And if entertainment is the purpose of football, then the World Cup has always been the games grandest stage. Or perhaps calling it an altar would be more apropos. While UEFA Champions League may be the brain of the game, the World Cup is its heart. No sponsors on the kits and no ability to import players on huge transfer fees. It is simple. Country vs. Country. Style vs. Style. Mexico, or not, I will soak in as many games as is humanly possible and I would encourage all USMNT fans to do the same. For four weeks we get to lay back and marvel at the world’s best and most famous athletes this side of Madison Square Garden. I’m just as excited to watch Messi, Neymar, Ronaldo, James, Kane, Ozil, Iniesta, Mane, Salah, and Suarez as anything else. It truly is football Christmas.
With that being said, do I want Mexico to win? Yes. Do I think they will? No, probably not. But we must aspire to win. Mexican-American culture is first and foremost about aspiration. But while I connect through my blood, I must recognize that it is Mexico’s team first, before it is the Mexican American team. Although I do hope that perhaps one day, either El Tri or the USMNT will create an Oscar De La Hoya type figure that can transcend both sides of the Rio Grande equally. Perhaps Jonathan Gonzalez is that figure. Perhaps it will be an as of yet unknown American player. Either way I eagerly await that player.
But for now, I look at the roster Juan Carlos Osorio has assembled for Russia and I see that it represents so much about what Mexico is today. The spine of the team is part of a “golden generation” which has shown so much promise, much like the country they represent. They are far more international than any Mexican team that’s come before, with seventeen of the players having played in Europe during their careers. Three of the players are making huge money in the United States-like so many Mexicans dream to do. Yet, like Mexico, despite the talent the team has, it has never truly achieved its potential. Some of that may be misplaced machismo. Some of it is federation mismanagement. And for good measure our team captain Rafa Marquez has been sanctioned by the U.S. Justice Department for alleged ties to drug trafficking. Unfortunately, it shows that even in our beloved game of football, we can’t always escape some of the harsh truths about the problems Mexico, as a nation, faces. But all of these things are what make the team the perfect reflection of the country they play for-for better or worse. Yet the program creeps closer and closer to what it can be with every passing year. For six tournaments now, Mexico has stumbled in the exact same place: the Round of 16, always failing to take Mexico into that elite eight they’ve been knocking on the door of for so long. I think that anything beyond that “quinto partido” will be transcendent. But if that’s where the tournament ends this summer once again, I’ll be OK with that too because I know I’ll have enjoyed the ride. I always do. And then I’ll do what everyone else does: watch the remainder of the World Cup games with delight.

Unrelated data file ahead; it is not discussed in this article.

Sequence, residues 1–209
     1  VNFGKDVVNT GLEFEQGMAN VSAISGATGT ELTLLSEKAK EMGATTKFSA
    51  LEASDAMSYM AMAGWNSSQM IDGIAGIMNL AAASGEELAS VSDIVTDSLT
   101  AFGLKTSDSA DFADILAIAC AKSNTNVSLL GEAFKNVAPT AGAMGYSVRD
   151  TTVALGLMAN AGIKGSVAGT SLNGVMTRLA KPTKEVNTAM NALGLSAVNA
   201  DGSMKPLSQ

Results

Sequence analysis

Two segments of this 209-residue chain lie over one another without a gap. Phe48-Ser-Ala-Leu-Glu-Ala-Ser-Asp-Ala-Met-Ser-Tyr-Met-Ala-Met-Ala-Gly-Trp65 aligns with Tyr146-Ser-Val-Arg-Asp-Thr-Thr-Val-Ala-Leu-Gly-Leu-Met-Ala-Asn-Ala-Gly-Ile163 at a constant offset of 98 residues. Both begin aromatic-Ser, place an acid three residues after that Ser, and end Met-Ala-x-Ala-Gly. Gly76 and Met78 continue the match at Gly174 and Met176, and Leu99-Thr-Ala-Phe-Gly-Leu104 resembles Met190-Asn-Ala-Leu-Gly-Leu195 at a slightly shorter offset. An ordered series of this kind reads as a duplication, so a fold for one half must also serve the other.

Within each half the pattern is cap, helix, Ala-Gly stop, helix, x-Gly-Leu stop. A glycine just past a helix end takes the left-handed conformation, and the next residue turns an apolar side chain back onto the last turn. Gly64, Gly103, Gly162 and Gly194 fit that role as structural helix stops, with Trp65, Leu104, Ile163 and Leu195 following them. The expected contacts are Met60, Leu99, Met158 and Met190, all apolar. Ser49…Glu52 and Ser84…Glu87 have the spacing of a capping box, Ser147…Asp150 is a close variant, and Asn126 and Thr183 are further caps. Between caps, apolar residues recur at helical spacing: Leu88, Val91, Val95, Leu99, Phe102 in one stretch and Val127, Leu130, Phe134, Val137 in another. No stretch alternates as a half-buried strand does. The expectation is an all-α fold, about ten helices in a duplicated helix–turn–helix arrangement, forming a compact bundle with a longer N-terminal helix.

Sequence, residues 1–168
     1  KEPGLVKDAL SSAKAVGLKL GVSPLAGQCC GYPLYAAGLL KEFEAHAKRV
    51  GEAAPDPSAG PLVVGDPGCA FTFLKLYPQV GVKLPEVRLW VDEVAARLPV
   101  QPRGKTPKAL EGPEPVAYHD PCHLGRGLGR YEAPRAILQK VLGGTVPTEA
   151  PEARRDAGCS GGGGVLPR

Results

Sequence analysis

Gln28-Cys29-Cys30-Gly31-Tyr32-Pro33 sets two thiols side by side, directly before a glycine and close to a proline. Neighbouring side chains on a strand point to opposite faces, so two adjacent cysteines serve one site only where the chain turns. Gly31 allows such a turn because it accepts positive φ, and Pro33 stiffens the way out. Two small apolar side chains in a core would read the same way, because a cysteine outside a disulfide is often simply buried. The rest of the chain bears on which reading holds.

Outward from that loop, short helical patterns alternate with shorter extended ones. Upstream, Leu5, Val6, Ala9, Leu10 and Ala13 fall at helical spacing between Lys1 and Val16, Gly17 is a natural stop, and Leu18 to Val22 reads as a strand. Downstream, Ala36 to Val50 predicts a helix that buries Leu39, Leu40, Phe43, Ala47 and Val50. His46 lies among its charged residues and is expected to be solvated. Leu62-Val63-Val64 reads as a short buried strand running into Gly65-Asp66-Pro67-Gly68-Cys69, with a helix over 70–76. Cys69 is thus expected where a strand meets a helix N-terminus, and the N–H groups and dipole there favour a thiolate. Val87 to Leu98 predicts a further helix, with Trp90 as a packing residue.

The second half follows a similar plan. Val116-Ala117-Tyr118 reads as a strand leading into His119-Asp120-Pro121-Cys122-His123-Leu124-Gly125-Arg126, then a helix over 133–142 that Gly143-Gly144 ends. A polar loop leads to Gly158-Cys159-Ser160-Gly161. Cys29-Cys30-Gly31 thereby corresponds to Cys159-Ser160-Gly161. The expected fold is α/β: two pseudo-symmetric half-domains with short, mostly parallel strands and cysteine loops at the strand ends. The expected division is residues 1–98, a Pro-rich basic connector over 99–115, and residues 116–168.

Juan Carlos Osorio is under fire. That is no secret. In fact whoever is the National Team manager is under fire the second they are hired. I really think that sometimes coaches are hired just so they can be fired.
Either way, despite the fan and media hysteria, the truth of the matter is Juan Carlos Osorio is actually doing a pretty good job. If the #1 objective of a National Team Manager is to qualify his team to the FIFA World Cup, then JCO has already gotten mission accomplished. He’ll have a big chance in two weeks to earn himself some good press for a half second if he’s able to officially secure Mexico’s World Cup berth.
At this exact time last cycle “Chepo” de la Torre had just: flamed out in the Group Stage of the 2013 Confederations Cup, bungled his Gold Cup with a Mexico B squad by losing to Panama, and was on his way to getting fired when he proceeded to lose to Honduras at the Azteca in September. Then after losing to the United States (dos a cero) under Luis Fernando Tena, Mexico then hired Victor Manuel Vucetich for the final two qualifiers which required Mexico needing a Raul Jimenez golazo and a Graham Zusi to bail the entire country out.
Instead, JCO has four games left in which he could play the Chivas u-19s in all of them and qualify El Tri to Russia. Somehow, this is such an atrocity that it requires vulgar shouting every time he walks by some clown wearing a green jersey. But I digress.
While there are some things Osorio does which irk me, (I think sometimes he rotates without a clear enough purpose, for instance. And his tendency to play people out of position can be annoying.) I happen to think he’s doing a good job. The players are still coming to his aide. And that’s vital.
Now that we have all that nonsense out of the way, assuming JCO isn’t fired or (perhaps rightfully) quits between now and FIFA World Cup 2018, let’s see if we can’t figure out what he’s thinking is his World Cup roster if he had to draw it up today. With Liga MX already kicking into high gear and two qualifiers forthcoming now seems as good a time as ever.
So, without further ado, let’s evaluate, how I think is how Juan Carlos Osorio is currently viewing the player pool in its entirety:
Now, once I was able to group all the names and see them in front of me, I was able to better find a way to a top 23. Here’s what I came up with as Juan Carlos Osorio’s top 23 as of this moment: